Biomimicry in Architecture

To simply put it, ‘Bio’ means life, and ‘Mimicry’ means imitate; so the meaning of the word ‘biomimicry’ translates to the practice of imitating life. Biomimicry aims at learning from Nature's wisdom rather than just extracting resources from it to move towards a sustainable built environment. It looks to nature to provide inspiration and direction to sustainably solve our most pressing challenges by nature-inspired innovation.

We've created city's, economies, and whole societies but without meaning to we've also created massive sustainability challenges for future generations and ourselves. Biomimicry is a way to address these problems by creating policies, products, and processes that are adapted to live on Earth. Plants, animals, and microbes have spent billions of years engineering and testing ways to thrive on the planet. What surrounds us today after 3.8 billion years of research and development has learned to survive large and small challenges effectively. Unfortunately, biomimicry has largely been concerned with aesthetic values and forms but it's time to transcend its effects to functional considerations in buildings.

To begin on this journey of solving problems and turning things around by asking what would nature do?

Qualities of Biomimetic Architecture

In the book "Biomimicry: Innovation Inspired by Nature", biomimicry became well known and Janine M. Benyus based on her studies devised a set of questions to evaluate designs in order to ascertain the level of biomimicry:

  • Does it run on sunlight? (Powered by the Renewables)
  • Does it use only the energy it needs? (Optimization)
  • Does it fit form to function? (Function-based approach)
  • Does it recycle everything? (A closed-loop ecosystem)
  • Does it reward cooperation? (Success for all stakeholders)
  • Does it bank on diversity? (Inclusiveness is profitable)
  • Does it utilize local expertise? (Traditional wisdom)
  • Does it curb excess from within? (Resource efficiency)
  • Does it tap the power of limits? (Harmonies in Nature)
  • Is it Beautiful? (Aesthetic value)
Credits: The Biomimicry Institute

Different Levels of Biomimicry

Organism level – Mimicking the formation of an organism/a part of the organism.

Eiffel tower (Thigh Bone), Waterloo international Terminal (Pangolin), Beijing national stadium (Bird's Nest)

Behavior level – Problem-solving with the available resources by mimicking an organism’s behavior.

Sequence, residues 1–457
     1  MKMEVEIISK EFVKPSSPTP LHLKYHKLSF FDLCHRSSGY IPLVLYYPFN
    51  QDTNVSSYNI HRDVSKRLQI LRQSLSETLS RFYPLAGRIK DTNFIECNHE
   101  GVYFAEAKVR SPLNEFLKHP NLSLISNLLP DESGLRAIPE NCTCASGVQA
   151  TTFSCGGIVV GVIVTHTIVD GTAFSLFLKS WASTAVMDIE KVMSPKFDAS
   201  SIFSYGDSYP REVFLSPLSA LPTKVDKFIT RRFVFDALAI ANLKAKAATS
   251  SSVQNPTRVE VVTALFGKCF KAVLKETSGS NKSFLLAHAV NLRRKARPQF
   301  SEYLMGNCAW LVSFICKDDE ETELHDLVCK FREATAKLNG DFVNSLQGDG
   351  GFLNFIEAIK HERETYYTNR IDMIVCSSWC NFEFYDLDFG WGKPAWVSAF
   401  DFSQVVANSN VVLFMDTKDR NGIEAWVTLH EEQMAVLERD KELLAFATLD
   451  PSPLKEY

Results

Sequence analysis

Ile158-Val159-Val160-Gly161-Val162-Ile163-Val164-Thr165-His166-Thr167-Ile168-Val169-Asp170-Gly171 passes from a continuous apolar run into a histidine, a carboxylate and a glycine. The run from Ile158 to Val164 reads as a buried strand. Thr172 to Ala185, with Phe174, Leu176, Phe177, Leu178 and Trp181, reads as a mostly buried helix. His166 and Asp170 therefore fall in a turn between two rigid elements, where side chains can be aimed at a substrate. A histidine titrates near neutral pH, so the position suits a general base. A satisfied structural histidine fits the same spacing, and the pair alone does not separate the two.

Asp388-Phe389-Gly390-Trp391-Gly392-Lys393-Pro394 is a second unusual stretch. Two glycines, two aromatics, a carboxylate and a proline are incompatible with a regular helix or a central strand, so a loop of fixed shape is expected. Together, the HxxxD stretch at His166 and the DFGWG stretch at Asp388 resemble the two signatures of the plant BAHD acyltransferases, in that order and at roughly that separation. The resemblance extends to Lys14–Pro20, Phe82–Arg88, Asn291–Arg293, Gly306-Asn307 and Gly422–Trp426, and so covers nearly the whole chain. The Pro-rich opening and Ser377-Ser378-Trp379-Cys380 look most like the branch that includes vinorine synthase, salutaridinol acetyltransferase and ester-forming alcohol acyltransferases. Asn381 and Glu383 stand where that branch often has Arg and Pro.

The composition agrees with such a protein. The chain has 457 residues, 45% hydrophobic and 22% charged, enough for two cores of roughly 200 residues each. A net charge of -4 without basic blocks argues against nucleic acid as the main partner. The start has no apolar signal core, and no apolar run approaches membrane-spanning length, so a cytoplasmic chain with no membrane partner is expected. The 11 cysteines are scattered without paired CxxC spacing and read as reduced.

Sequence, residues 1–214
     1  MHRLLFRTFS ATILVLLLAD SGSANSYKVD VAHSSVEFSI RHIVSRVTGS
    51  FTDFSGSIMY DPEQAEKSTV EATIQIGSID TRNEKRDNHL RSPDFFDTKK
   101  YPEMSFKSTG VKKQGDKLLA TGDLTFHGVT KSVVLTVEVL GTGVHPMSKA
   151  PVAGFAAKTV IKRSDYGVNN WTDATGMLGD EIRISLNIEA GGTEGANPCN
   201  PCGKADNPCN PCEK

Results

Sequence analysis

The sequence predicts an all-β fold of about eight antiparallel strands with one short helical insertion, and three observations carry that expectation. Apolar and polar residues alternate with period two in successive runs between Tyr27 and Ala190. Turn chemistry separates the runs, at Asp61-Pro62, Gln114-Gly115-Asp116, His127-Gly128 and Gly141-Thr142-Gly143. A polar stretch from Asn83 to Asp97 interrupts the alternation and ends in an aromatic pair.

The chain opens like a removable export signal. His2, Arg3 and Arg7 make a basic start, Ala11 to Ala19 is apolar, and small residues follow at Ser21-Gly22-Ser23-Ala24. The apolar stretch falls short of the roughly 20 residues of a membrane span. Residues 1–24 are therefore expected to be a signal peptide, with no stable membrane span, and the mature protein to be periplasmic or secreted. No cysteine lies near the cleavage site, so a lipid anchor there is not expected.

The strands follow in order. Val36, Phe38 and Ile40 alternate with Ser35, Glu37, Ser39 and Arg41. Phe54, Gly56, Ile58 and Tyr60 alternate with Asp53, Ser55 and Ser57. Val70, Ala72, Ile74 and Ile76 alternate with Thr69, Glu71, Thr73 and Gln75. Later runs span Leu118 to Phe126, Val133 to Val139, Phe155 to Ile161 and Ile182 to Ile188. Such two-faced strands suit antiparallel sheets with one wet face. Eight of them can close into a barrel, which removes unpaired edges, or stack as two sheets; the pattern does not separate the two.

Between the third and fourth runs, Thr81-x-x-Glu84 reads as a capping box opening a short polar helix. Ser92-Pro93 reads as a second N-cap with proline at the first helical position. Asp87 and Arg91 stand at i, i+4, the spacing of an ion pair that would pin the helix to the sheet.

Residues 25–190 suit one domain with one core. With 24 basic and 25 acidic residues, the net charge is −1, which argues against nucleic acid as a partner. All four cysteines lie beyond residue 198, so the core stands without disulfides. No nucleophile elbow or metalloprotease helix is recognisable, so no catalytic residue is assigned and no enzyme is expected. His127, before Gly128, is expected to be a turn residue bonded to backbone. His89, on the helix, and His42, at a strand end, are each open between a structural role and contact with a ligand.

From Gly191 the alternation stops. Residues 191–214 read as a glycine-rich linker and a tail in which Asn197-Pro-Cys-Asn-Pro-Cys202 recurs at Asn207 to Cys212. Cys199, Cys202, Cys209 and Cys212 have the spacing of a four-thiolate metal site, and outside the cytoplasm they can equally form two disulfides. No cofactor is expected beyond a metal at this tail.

Eastgate Centre (Termite Mound), The Qatar Cacti building (Cactus)

Ecosystem level – Simulation of ecosystems rather than singular organisms. Applies principles of Circular economy and Eco-mimicry.

Lloyd crossing project- Portland, California Academy of Sciences Museum (Green Roof)

Beijing national stadium

Applications of Biomimicry

Imitating the ingenuity found in nature can be applied to water management, climate control, structural innovations, material developments, energy production, and even business models. This translation of biological values into machines or processes requires substantial technical proficiency, which will inevitably cast an impact on science, economy, environment, and social development. One of the earliest examples of biomimicry can be traced back to Leonardo da Vinci's model for a flying machine inspired by Flight of a bird which was further worked out by the Wright Brothers.

For the longest time, solar energy was a daytime resource because storing it was expensive and inefficient which has been tackled by MIT Lab. Inspired by the plant's photosynthesis, researchers have developed an unprecedented process that will allow the sun’s energy to be used to split water into hydrogen and oxygen gases, later recombined inside a fuel cell, creating simple, expensive, and highly efficient carbon-free electricity to powerhouses or electric cars. homeowners will be able to power their homes in daylight through photovoltaic cells empowering individuals to meet their own energy requirements with decentralized grids.

Case Study: Eastgate Centre, Zimbabwe

Architect Mick Pearce designed the largest Office and retail building in the country incorporating self-cooling technologies minimizing the cooling loads. The design of Eastgate Centre is inspired by a termite mound that is covered in tiny holes that allow air to pass through freely. Just like the soil inside a termite mound, materials that have a high thermal mass like concrete and brick were chosen and the exterior of the building was prickly. Low-power fans pull in cool night air from outside and disperse it throughout the seven floors. The concrete blocks absorb the cold, insulating the building and chilling the circulating air. When the daylight comes and temperatures rise, warm air is vented up through the ceiling and released by the chimneys. These systems have been in place for a good time now and use up to 35 percent less energy than similar buildings in Zimbabwe.

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